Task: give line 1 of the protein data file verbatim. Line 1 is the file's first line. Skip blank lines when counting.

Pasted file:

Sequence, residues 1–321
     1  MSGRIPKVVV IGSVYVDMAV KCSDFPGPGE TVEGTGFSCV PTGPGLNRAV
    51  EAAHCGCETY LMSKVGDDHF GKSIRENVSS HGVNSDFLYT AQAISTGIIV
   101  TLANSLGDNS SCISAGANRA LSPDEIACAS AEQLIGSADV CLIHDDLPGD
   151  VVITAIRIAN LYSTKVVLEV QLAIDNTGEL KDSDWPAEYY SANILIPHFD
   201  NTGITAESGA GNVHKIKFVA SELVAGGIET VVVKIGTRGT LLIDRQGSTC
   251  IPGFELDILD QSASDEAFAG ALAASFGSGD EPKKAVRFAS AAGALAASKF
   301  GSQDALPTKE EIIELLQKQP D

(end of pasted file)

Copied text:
Sequence, residues 1–321